The idea of wearing masks, or playing roles, is one that keeps coming up for me. Must be something I need to learn here.

Jung mentions that the individuated person can step in and out of roles at will.

Carse echoes with the statement that finite play isn’t possible without “self-veiling” of some kind, which means stepping into a role, performing, acting a part, wearing a mask in one sense or another:

“The issue here is not whether self-veiling can be avoided, or even should be avoided. Indeed, no finite play is possible without it. The issue is whether we are ever willing to drop the veil and openly acknowledge, if only to ourselves, that we have freely chosen to face the world through a mask.”

There’s a naïve view that says, “Let’s all be perfectly honest and completely real all the time with each other and drop all the masks and the roles.”

Perhaps that’s the ultimate goal, but getting there is a process. Getting there requires first being completely honest with ourselves, and that’s not easy. There’s no deception like self-deception.

“…all the limitations of finite play are self-limitations.”

The important distinction between infinite players and finite players is not that finite players wear masks, and infinite players do not. Rather, it’s that infinite players realize consciously what they are doing; they don’t take it seriously.

“Since finite games can be played within an infinite game, infinite players do not eschew the performed roles of finite play. On the contrary, they enter into finite games with all the appropriate energy and self-veiling, but they do so without the seriousness of finite players. They embrace the abstractness of finite games as abstractness, and therefore take them up not seriously, but playfully.”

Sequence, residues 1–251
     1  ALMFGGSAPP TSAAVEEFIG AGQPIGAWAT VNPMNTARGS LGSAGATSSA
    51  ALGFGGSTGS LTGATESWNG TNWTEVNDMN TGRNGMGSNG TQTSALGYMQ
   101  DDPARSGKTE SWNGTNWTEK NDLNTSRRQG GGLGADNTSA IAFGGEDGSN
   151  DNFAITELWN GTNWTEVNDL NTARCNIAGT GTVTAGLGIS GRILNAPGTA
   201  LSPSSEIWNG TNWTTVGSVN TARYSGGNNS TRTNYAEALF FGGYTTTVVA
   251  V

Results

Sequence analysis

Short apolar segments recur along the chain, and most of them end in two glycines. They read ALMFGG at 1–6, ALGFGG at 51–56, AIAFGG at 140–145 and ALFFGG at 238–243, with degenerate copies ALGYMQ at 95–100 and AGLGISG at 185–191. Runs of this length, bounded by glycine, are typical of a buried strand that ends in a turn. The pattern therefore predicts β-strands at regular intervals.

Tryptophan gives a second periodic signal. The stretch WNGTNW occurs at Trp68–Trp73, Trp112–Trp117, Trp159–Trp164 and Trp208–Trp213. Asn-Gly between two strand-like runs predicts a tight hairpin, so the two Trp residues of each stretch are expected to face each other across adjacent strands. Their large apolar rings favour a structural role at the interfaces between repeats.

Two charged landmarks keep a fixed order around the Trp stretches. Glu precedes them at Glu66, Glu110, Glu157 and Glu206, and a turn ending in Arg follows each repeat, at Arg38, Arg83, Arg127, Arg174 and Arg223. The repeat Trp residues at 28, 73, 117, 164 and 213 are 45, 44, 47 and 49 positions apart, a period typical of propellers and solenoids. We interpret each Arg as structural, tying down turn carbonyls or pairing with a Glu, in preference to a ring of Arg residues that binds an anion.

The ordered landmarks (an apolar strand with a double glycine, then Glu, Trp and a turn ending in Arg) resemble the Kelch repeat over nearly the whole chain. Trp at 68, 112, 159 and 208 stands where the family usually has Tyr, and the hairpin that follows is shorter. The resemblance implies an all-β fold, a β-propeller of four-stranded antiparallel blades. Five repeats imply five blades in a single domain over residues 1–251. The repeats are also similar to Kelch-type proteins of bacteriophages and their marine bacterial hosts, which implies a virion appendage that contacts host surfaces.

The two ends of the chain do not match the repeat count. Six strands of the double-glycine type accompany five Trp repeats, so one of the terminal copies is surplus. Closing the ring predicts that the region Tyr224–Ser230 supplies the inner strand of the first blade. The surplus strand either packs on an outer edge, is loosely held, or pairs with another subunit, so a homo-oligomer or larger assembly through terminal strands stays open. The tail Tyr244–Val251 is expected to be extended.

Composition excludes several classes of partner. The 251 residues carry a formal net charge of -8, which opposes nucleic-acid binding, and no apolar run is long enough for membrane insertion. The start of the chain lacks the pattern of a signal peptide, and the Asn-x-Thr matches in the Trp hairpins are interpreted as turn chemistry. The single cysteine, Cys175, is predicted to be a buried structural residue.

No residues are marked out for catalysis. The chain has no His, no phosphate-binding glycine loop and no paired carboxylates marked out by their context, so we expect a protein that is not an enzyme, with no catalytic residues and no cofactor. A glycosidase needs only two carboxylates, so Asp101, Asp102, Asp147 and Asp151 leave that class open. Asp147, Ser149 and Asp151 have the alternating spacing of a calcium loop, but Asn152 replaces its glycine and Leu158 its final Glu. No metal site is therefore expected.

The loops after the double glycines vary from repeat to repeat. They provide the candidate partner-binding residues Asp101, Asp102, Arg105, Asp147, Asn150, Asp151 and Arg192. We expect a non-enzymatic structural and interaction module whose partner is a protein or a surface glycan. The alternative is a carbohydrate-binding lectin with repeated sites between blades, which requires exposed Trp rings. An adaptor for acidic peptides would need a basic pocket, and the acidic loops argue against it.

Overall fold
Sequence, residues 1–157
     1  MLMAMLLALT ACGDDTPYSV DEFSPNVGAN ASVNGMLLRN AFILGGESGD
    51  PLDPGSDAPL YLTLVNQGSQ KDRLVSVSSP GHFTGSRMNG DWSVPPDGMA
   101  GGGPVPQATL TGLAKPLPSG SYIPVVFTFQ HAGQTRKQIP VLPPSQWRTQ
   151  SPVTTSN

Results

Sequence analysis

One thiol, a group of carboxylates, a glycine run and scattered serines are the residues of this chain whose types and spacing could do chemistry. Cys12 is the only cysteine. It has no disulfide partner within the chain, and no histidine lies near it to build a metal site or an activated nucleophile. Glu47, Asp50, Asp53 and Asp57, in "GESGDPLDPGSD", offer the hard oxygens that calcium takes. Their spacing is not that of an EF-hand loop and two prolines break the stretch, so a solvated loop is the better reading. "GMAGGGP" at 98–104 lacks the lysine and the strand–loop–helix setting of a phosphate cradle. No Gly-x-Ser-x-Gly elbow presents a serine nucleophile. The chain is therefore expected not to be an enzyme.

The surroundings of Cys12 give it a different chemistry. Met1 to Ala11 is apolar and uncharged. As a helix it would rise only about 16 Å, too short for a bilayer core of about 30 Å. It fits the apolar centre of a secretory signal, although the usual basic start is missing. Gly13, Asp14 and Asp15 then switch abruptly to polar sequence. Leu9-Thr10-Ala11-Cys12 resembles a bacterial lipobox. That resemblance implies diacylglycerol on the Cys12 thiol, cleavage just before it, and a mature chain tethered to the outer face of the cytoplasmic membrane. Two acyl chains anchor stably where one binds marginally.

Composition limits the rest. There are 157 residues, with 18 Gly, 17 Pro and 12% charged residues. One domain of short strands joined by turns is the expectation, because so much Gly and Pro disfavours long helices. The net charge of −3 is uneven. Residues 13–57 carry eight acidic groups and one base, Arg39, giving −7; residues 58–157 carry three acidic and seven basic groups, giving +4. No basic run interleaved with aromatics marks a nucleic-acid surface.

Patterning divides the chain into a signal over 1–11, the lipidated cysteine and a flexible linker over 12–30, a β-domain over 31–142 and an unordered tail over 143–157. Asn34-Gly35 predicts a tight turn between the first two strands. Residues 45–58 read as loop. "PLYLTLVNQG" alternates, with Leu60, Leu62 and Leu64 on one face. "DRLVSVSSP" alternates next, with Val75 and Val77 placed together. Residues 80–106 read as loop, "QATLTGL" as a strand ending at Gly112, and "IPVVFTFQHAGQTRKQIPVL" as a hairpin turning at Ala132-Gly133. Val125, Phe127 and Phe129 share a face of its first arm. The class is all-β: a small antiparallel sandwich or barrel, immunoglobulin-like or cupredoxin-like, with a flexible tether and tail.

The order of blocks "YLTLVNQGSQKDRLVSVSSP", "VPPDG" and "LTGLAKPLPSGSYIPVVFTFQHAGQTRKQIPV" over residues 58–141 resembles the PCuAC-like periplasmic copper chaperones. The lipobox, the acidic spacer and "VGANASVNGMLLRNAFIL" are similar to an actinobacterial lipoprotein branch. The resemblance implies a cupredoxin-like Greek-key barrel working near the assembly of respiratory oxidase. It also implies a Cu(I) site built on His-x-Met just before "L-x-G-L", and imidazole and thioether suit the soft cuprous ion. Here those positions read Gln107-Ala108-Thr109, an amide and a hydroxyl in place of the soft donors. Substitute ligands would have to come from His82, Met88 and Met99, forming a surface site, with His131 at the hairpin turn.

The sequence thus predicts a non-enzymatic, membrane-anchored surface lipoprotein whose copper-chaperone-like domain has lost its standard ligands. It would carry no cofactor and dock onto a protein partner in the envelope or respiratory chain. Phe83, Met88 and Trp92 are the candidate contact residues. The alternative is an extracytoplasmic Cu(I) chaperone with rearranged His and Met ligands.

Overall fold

Finite players, on the other hand, forget that the role is a role, that the mask is not the face behind the mask. They get lost in the parts they play. They forget that they can unmask, that they can step out of any role, or change it at will. They forget that their identity, or self, is not contained in a role but that a role is simply a way to play with other selves.

“We are playful when we engage others at the level of choice, when there is no telling in advance where our relationship with them will come out—when, in fact, no one has an outcome to be imposed on the relationship, apart from the decision to continue it.”

Carse extends these basic concepts of finite and infinite play into all the big areas of life, and that’s where it gets really interesting. Relationships, politics, economics, property, patriotism, sexuality, health, all these games we play with ourselves and each other: understanding them in terms of finite and infinite play is eye-opening.

There’s a path here towards that ideal of openness, honesty, realness. I like how Carse describes openness as vulnerability, as an ongoing process of growth and play with others. It’s not about rejecting privacy. It does not require unrestrained emotional vomiting or masochistic exposure.

“Because infinite players prepare themselves to be surprised by the future, they play in complete openness. It is not an openness as in candor, but an openness as in vulnerability. It is not a matter of exposing one’s unchanging identity, the true self that has always been, but a way of exposing one’s ceaseless growth, the dynamic self that has yet to be.”